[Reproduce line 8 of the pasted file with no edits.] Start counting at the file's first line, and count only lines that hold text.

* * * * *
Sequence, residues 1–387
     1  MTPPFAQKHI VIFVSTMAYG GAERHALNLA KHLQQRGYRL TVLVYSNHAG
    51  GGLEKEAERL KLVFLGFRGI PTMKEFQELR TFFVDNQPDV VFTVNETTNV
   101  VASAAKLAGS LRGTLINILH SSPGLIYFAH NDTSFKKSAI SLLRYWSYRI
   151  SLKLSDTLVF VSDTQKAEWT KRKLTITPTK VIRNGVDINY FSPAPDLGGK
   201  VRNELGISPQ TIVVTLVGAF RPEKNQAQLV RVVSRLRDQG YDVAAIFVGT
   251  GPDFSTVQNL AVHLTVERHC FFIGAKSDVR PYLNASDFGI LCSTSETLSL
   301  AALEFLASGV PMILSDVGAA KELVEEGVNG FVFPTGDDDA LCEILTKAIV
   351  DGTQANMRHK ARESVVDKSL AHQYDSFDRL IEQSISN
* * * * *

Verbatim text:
   301  AALEFLASGV PMILSDVGAA KELVEEGVNG FVFPTGDDDA LCEILTKAIV